NGO calls for the decriminalization of suicide in Malawi

Connect Plus Resource Institute (CPRI) – an organization dedicated to promote mental health and wellness, and champion suicide prevention, helping save lives and bring hope to those affected by suicide – has called for the decriminalization of suicide in Malawi.

CPRI executive director Dennis Mwafulirwa argued in an interview with Nyasa Times on Saturday that suicide is a public health issue and not a criminal offense; hence, the stakeholders need to work towards addressing it.

Mwafulirwa–Suicide is not a criminal offense, but a public health issue–Photo by Watipaso Mzungu, Nyasa Times

“We need to address this barrier towards the prevention of suicide as well as addressing related stigma,” he said.

Suicide in Malawi is increasingly becoming one of the leading causes of premature mortality and the call for its decriminalization is coming 20 days before Malawi joins other countries across the globe in commemorating this year’s World Suicide Day on 10 September.

Mwafulirwa said as the world approaches the World Suicide Day, it is important that Malawians should reflect upon the devastating toll that suicide has on individuals, families, communities, and the nation as a whole, and to explore ways to reduce this burden together.

“We call upon the Ministry of Justice, the office of the Attorney General, Ministry of Health, the Malawi Human Rights Commission, the Malawi Parliament and all other relevant Stakeholders to work together and decriminalize suicide in our laws. As a nation, we must address suicide as a significant public health issue,” he emphasized.

Mwafulirwa challenged the government to take a leading role and provide a detailed roadmap that is coordinated and integrated including but not limited to long-term commitment to the cause, a national suicide prevention and mental health strategy, adequate funding and support towards suicide prevention and mental health promotion efforts and a comprehensive Covid-19 recovery plan.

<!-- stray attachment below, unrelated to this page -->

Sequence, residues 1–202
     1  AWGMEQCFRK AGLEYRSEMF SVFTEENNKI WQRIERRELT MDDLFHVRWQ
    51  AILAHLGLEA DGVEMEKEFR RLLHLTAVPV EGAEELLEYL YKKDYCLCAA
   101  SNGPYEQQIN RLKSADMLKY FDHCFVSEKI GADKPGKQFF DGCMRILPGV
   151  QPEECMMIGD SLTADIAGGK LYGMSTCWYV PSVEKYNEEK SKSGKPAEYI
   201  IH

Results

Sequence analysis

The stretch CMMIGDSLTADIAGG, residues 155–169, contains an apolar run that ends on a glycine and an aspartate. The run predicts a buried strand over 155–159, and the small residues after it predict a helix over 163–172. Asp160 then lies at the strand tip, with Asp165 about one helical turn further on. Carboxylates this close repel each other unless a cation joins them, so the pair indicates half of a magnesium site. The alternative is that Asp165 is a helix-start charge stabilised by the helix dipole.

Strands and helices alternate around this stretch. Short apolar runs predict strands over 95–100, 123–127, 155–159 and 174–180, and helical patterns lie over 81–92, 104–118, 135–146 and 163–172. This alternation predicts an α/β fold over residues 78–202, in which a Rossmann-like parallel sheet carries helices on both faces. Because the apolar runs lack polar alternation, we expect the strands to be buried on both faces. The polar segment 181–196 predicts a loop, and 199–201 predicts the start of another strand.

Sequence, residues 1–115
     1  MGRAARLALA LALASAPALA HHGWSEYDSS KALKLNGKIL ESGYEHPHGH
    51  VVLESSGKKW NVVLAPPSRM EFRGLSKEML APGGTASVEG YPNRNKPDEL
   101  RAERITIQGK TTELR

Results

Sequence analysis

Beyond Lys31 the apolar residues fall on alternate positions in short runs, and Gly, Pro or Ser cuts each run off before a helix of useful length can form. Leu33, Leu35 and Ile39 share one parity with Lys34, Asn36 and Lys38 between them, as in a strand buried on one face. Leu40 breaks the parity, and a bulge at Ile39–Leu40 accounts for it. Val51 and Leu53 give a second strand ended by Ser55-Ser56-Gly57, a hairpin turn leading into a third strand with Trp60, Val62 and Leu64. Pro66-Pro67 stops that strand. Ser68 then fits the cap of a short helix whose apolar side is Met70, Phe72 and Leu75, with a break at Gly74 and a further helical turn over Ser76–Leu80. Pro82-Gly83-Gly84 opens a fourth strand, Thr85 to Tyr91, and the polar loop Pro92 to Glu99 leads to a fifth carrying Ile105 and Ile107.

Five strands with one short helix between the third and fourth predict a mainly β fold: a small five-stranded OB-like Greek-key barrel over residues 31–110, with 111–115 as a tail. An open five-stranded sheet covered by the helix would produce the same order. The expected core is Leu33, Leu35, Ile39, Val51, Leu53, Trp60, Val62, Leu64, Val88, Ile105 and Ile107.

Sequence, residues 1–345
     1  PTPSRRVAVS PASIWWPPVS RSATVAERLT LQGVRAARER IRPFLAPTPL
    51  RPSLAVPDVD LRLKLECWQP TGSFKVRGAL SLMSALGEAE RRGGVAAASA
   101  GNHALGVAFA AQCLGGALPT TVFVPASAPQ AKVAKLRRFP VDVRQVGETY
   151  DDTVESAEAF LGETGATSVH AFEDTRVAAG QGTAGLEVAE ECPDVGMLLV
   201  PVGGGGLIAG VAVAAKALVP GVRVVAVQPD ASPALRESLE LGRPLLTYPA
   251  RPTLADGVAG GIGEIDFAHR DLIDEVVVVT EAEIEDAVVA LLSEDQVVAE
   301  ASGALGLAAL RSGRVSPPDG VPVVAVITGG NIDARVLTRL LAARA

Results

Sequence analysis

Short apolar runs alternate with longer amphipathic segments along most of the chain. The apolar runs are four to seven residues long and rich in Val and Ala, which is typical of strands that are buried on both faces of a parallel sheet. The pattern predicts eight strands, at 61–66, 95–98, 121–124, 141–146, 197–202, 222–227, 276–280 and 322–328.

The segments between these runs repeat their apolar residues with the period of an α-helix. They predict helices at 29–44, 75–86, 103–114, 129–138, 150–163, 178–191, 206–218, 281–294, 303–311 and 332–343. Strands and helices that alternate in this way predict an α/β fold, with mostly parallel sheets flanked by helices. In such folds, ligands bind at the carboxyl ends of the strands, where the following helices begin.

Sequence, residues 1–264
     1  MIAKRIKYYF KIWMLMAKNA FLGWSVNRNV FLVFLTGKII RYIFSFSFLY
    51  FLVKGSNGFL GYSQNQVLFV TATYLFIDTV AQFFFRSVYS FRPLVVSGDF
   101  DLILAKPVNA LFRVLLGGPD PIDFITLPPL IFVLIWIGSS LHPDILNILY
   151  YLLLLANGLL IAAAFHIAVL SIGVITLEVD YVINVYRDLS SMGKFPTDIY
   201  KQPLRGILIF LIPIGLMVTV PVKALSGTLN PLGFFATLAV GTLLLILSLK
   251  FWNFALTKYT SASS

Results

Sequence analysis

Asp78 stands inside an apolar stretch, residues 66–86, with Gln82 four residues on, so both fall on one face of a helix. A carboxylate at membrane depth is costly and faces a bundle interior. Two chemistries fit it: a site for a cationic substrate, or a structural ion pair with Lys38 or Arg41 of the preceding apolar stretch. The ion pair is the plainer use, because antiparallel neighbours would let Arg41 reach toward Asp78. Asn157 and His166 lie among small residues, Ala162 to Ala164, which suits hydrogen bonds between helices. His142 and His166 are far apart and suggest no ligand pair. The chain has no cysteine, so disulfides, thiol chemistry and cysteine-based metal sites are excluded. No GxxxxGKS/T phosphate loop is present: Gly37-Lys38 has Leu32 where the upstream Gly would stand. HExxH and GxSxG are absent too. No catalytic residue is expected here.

He said it is sad that even during this time of Covid-19 pandemic, the funding that has been directed towards the Non Communicable Diseases (NCDs) and Mental Health Units is very insignificant to do anything meaningful.

“These two important units together have been allocated MK15million in 2020 and MK8million as their annual running budget. This is unacceptable,” he said.

“It could be argued that the level of neglect by government in this case, is contributing to a state that undermines individuals and communities’ social and emotional wellbeing, thereby increasing their mental health vulnerabilities and risk of suicide. We know that mental illness and substance use disorders (SUDs) are among the common factors related to suicide.

“Therefore, the goal could be investing in mental health and suicide prevention services and to help reduce the number of immediate life-threatening situations related to mental illness and SUDs through increased education, crisis intervention, support, and follow-up services including those provided virtually and over the phone. This funding can be channelled both through public institutions as well as community-based organizations and NGOs working in the area. A public-private partnership approach could also be explored,” he added.

Meanwhile, Mwafulirwa has recommended that media reports about suicide should always include information about where to seek help, preferably from recognized suicide prevention services that are available.

He asked journalists to review the 2017 guidelines as provided by the World Health Organization.

“As an institution, we stand ready to work with the media and the general public on suicide prevention. Someone said, “even the most well-considered plan accomplishes nothing if it is not implemented.” This is where commitment from all of us is essential,” said Mwafulirwa.

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